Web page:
Grilling steak on a gas grill is the easiest method to grill steaks. Simply crank up the heat to high and place the steaks on the grate directly over the flame. If you like your steak more done, or if the exterior is charring too quickly, simply turn down the heat, move it away from the flame, or place it on your grill's upper rack, if available. That will slow the cooking down while allowing the interior to come up to temperature.
How to Grill Steak on Charcoal Grill
Grilling steak over charcoal is the most flavorful way to cook a steak as the aroma from the smoldering charcoal saturates every bite! Unfortunately, charcoal grills don't have much for temperature controls, which causes people to burn the steak or cook it at too low of a temperature. Luckily this can easily be avoided using zone cooking.
Simply light your charcoal in a full chimney starter until hot and then pour them out over half of the grill, as shown in the photo. This creates a high heat zone over the burning charcoal and a low heat zone over the empty side of the grill. Grill your steak on the grate directly over the charcoal until the steak forms a brown crust, then flip and repeat. The cook time will vary depending on your temperature, but ~4 minutes per side should get you close. If the steak begins burning before it is done, move it to the low heat side of the grill to finish cooking.
When is Steak Done
Your steak is done when it reaches 125 - 160 degrees, depending on your preferred level of doneness. I recommend using a [easyazon_link identifier="B017613C3C" locale="US" tag="foxvalfoo-20"]digital meat thermometer[/easyazon_link] for accurate readings.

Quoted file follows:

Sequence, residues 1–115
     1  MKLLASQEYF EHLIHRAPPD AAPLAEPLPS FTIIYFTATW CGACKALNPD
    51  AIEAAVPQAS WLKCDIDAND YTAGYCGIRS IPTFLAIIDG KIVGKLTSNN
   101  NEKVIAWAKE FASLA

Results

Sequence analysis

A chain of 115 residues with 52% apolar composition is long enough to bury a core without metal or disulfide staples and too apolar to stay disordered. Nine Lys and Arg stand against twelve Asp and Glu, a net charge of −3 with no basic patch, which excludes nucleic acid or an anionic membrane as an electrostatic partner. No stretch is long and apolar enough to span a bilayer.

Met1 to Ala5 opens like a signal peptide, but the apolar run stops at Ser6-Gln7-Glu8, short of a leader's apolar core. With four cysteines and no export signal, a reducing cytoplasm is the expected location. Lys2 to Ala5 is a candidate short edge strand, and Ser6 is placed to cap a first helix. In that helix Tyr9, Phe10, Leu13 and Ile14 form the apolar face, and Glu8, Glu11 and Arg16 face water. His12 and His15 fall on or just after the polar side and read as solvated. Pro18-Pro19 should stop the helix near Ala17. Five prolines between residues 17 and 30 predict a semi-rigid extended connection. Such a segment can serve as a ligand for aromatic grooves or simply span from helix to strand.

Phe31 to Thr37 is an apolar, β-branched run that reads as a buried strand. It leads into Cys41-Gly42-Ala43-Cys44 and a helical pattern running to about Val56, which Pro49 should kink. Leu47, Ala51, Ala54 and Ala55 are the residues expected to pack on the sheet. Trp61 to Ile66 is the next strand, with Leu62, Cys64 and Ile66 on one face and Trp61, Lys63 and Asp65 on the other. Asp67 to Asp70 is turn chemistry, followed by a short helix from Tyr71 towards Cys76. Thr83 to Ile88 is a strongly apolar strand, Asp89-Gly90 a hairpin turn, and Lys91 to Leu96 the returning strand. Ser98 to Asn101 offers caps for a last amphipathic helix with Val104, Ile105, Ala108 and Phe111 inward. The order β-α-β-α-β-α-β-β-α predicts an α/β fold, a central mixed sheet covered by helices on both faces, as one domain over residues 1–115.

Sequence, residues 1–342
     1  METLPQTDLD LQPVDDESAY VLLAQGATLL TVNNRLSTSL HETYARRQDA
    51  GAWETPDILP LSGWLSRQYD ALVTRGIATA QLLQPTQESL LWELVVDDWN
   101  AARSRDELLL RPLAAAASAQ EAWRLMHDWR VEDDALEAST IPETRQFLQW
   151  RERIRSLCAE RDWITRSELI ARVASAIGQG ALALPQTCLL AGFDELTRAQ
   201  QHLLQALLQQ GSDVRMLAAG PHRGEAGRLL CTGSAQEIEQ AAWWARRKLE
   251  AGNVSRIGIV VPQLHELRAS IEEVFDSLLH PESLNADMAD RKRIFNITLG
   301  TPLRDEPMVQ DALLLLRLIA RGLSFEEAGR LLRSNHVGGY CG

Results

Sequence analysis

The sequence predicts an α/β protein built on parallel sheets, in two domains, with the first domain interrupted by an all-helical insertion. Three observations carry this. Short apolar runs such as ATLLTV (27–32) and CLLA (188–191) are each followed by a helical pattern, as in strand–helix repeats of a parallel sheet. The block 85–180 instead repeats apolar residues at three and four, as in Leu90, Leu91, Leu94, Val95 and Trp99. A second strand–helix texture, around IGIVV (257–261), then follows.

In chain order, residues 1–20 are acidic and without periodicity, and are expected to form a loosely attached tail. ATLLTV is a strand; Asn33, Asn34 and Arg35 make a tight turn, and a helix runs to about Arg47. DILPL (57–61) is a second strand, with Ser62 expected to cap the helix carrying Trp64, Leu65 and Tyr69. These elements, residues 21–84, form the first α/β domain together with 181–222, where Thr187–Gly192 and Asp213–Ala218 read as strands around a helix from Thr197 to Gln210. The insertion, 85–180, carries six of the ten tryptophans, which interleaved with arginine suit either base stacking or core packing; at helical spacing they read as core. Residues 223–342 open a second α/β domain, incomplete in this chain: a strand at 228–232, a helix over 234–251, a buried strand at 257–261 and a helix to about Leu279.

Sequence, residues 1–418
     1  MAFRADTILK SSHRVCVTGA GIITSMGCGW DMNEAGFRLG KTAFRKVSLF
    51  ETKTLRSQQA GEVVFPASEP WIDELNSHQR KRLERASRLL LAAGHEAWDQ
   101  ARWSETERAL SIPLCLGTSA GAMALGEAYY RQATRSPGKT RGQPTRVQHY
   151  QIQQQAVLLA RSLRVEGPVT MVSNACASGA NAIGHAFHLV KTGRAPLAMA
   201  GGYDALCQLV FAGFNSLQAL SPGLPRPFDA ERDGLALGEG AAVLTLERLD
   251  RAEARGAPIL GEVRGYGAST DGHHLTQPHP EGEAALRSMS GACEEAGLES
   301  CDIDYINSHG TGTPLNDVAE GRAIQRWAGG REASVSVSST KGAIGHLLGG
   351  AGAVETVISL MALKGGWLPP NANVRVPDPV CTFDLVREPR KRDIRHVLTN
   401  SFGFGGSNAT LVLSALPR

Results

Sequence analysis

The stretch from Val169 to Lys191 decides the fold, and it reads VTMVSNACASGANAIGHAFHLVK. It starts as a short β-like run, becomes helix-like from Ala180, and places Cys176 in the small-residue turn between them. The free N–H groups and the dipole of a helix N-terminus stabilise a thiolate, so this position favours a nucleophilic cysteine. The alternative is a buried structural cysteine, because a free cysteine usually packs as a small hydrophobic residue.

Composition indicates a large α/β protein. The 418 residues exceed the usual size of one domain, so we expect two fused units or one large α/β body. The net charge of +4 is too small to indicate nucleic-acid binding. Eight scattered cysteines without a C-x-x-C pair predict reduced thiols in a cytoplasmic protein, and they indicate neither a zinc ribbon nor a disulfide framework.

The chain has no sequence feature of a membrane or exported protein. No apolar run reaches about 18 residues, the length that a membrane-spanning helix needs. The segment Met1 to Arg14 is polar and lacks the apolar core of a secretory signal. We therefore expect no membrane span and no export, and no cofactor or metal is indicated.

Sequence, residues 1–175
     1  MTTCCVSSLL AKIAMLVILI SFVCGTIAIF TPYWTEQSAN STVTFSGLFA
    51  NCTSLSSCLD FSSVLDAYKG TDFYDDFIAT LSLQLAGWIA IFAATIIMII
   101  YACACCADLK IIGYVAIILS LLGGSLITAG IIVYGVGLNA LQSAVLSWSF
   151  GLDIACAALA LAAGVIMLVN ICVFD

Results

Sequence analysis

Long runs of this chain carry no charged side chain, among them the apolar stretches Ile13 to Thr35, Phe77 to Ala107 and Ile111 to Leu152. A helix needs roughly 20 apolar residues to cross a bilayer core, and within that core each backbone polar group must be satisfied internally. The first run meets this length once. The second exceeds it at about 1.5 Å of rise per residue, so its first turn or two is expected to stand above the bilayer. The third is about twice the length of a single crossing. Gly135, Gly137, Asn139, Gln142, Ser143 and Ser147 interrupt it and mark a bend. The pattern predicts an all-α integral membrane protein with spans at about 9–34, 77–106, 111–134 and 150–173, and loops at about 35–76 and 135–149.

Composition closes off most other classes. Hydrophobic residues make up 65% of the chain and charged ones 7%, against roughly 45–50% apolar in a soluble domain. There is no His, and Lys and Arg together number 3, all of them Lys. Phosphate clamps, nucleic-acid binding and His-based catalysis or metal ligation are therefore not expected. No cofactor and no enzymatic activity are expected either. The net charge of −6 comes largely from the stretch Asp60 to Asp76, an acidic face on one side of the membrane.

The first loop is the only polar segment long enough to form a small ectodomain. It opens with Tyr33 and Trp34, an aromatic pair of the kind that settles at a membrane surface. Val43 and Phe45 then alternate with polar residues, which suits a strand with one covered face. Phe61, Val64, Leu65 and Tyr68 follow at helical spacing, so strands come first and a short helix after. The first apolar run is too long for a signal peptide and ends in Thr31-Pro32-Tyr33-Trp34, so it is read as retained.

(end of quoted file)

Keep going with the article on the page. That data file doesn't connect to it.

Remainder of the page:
- 125 degrees for rare steak.
- 135 degrees for medium-rare steak.
- 145 degrees for medium steak.
- 150 degrees for medium-well steak.
- 160 degrees for well-done steak.
After the steak has reached your desired level of doneness, let it rest for 5 minutes prior to serving. This allows the juices to redistribute into the meat, ensuring each bite is juicy perfection!
How to Grill Steak
- 1 beef steak (t-bone or ribeye are great options)
- 2 teaspoons cooking oil, plus more for grill grate (see note below)
- salt & pepper (can also use steak seasoning of choice)
- Remove the steak from the fridge 20 minutes prior to grilling to allow it to come to room temperature. Rub the steak with cooking oil and add desired seasonings.
- Light a full chimney of charcoal if using a charcoal grill and pour it over half of the grill. If using a gas grill, turn the heat on high.
- Lightly oil the grill grate by adding oil to a paper towel and wiping down the grate. This will prevent sticking.
- Place steak over the hottest part of the grill and let sit until the bottom forms a brown crust, ~4 minutes. Then flip and repeat.
- Test steak doneness with a meat thermometer. If the exterior is nicely browned, but the interior is not yet at temperature, simply move the steak away from the heat source to finish cooking (or turn down heat to low on a gas grill).
- Remove the steak from the grill when it reaches your preferred level of doneness and let rest 5 minutes prior to serving to allow juices to redistribute back into the meat.